Just a reminder: This blog will mainly be my thoughts about aspects of aging. One of these is how to think about one’s past, in this case in the concrete form of writings.

A few days ago, someone asked if I had any letters from her where she mentions her college boyfriend. I had to look through folders and folders of old writings where her letters might have been hiding.  Alas, I found only one and not the kind she was looking for. But as I read my writings over with a mind toward getting rid of stuff, the question that kept coming up is how much do I still identify with the Ellen of those years? What relevance, if any, does she have for me now? 

The truth is I don’t identify with her anymore. Is that a function of age? Is it simply because I’ve changed so much? Is it because there’s too much pain in looking back? It’s probably a combination of all three.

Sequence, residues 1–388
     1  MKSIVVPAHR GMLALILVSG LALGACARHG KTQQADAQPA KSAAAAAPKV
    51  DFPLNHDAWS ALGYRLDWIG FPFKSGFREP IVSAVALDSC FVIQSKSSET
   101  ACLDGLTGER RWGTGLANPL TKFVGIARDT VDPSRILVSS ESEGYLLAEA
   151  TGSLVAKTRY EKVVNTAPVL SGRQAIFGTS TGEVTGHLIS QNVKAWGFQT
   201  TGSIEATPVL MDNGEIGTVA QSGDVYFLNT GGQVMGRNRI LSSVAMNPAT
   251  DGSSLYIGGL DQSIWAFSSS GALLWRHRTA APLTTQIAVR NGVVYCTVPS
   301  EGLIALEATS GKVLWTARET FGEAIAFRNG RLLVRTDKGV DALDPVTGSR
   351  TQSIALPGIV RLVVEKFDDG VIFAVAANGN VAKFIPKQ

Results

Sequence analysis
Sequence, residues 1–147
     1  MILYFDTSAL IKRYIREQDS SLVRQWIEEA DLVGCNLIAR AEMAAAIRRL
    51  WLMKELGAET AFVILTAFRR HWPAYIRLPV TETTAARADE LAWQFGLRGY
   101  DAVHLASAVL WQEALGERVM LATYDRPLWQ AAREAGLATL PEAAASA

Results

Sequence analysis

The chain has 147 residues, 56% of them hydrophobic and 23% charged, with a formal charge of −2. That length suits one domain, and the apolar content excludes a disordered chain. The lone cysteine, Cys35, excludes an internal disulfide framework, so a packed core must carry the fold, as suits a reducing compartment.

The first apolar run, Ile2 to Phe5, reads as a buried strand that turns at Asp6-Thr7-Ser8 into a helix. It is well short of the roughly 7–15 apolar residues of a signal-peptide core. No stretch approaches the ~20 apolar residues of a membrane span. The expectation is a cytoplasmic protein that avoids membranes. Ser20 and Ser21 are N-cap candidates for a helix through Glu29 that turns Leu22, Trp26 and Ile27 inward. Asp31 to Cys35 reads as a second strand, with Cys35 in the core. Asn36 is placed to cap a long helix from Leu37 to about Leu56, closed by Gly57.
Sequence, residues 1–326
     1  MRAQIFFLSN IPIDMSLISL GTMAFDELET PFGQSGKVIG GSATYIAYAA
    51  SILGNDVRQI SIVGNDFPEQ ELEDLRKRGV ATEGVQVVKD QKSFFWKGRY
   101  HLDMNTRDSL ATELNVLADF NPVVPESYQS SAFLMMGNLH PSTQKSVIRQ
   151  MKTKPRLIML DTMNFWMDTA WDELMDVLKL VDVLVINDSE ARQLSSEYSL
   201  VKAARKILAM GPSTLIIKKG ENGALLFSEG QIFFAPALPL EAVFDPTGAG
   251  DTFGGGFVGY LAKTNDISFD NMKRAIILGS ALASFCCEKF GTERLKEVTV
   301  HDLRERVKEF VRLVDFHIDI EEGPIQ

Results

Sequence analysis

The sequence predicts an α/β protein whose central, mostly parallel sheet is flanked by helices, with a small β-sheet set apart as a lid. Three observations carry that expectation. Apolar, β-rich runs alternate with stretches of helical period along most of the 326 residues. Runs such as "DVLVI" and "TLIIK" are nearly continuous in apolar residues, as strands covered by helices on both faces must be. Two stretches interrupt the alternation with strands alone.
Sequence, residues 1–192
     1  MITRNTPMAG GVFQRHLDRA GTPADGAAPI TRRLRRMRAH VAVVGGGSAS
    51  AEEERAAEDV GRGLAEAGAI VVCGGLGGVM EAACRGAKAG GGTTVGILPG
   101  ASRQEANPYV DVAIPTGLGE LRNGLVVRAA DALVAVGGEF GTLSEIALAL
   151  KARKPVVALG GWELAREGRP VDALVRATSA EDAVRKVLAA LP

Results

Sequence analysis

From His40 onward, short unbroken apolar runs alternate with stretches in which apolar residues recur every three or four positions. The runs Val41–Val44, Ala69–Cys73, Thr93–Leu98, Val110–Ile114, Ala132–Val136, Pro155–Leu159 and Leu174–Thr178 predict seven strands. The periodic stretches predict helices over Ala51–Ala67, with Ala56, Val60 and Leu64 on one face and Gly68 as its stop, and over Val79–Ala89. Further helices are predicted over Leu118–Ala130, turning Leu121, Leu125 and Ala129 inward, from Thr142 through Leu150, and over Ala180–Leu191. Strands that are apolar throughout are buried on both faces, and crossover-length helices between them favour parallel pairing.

The memories will not die if I toss the writing, and most of the words I wrote in the past feel like a weight I’m dragging, and this stage of my life seems to be a lot about unburdening. I have enough existential physical restrictions: I need to sense as much freedom as possible.  The writings seem like a detour on the way to that freedom. Events in my past appeared like reflections of the moon on a frozen lake.  Nice, but now the ice has melted and the vista is completely different. Nothing looks the same. Better now to find my way along the paths that are taking me through new, wide-open fields.





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